The unlikely sin of self-indulgence: talkativeness. Certain individuals talk a great deal, others not so much. Over-speaking to an extent that the other person assumes the role of the sole listener is not only rude, but uncovers elements of narcissism. Have you ever been the subject of a relentless onslaught of expressions and words? A talking tidal wave of a human that turns your feelings of annoyance into pure amazement that this specimen just does not know when to shut up. It has reached a point in the past where I would switch off and conjure experiences of holding a large sea shell close to my ear just to fantasize about how quiet the seabed was.
On the contrary, you may be an individual who loves to divulge – going so far as to interrupt when the other person slides a word into the conversation, dare I call it that. Your ‘much talking’ may be construed as nervousness, self-importance or even lying – circumstances we’ve all been in.
When discussing themselves, people reserve 60% of the stage during conversation; much more on social media. The ultimate billboard for our prétentions, Facebook, Instagram and Twitter have given voices to the Narkissos within us all – undoubtedly, social media has been nurturing and feeding the egos of the unsophoisticated masses since it’s inception.
The tongue, like many other muscles, can cause a great deal of damage. When the last of the great speakers has exacerbated all corners of banal conversation, they will steer the captain-less ship into the storm of gossip, impropriety, divulging of secrets and making jokes that, looking back, they wish they had never made. Before they know it, they are losing control as the dialogue encroaches upon the subject of politics and religion in the presence of a person whose only information they know is their alias. It’s as though the tongue is the mouthpiece of the devil, the sword in the hands of a madman and the Yin to their Yang. There is a reason why the ears of the saints are depicted as large and the mouths small in Orthodox iconographic literature.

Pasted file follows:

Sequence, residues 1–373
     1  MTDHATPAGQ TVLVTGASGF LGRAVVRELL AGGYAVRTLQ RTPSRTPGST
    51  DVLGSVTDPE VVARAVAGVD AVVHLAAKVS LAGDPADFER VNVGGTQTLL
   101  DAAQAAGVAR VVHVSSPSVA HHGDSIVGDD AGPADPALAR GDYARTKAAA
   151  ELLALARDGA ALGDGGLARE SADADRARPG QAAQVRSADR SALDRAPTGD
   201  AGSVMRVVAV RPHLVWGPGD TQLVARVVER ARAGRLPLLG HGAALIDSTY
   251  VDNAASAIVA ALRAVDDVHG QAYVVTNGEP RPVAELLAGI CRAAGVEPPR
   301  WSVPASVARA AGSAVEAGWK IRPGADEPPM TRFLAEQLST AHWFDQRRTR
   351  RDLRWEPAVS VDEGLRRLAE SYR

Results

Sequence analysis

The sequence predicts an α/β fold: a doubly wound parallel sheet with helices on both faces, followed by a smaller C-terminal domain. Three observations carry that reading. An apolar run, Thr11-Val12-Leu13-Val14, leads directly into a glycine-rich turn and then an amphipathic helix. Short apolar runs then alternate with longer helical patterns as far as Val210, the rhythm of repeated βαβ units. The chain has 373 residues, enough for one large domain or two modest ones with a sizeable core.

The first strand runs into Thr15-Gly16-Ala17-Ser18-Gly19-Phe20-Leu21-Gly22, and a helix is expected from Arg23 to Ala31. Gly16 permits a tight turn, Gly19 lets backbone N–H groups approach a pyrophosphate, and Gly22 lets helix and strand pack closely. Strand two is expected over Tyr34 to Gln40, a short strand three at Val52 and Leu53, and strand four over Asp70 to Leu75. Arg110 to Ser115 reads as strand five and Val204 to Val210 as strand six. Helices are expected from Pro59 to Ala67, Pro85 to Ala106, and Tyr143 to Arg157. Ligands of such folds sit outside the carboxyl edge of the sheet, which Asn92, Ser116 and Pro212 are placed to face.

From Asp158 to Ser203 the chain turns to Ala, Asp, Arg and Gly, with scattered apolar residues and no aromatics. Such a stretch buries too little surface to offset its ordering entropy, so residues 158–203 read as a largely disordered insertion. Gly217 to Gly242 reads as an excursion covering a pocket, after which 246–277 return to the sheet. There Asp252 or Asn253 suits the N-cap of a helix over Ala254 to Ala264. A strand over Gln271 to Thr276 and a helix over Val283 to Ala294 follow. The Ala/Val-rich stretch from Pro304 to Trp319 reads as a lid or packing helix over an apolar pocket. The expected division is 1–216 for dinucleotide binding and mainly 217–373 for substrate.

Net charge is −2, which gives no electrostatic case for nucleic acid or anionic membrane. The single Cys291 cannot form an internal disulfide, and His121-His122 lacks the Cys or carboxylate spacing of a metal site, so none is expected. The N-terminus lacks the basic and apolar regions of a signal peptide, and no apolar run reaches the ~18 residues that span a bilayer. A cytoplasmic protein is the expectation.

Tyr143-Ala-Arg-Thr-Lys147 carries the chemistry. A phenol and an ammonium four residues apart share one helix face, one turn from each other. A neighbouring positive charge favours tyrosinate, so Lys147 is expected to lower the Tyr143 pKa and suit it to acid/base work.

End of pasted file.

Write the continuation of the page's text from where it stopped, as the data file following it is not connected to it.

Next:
In the presence of a client you should allow the individual to talk as much as possible during the agreed time and keep your information-giving to an absolute minimum. In the scenario where the other party chooses to keep quiet about their life but desires to know all the intricacies of yours, lead the conversation to small talk, and if the questions – once again – become personal, gently push the dialogue back on path.
Only tell people what they need, not what they want, to know.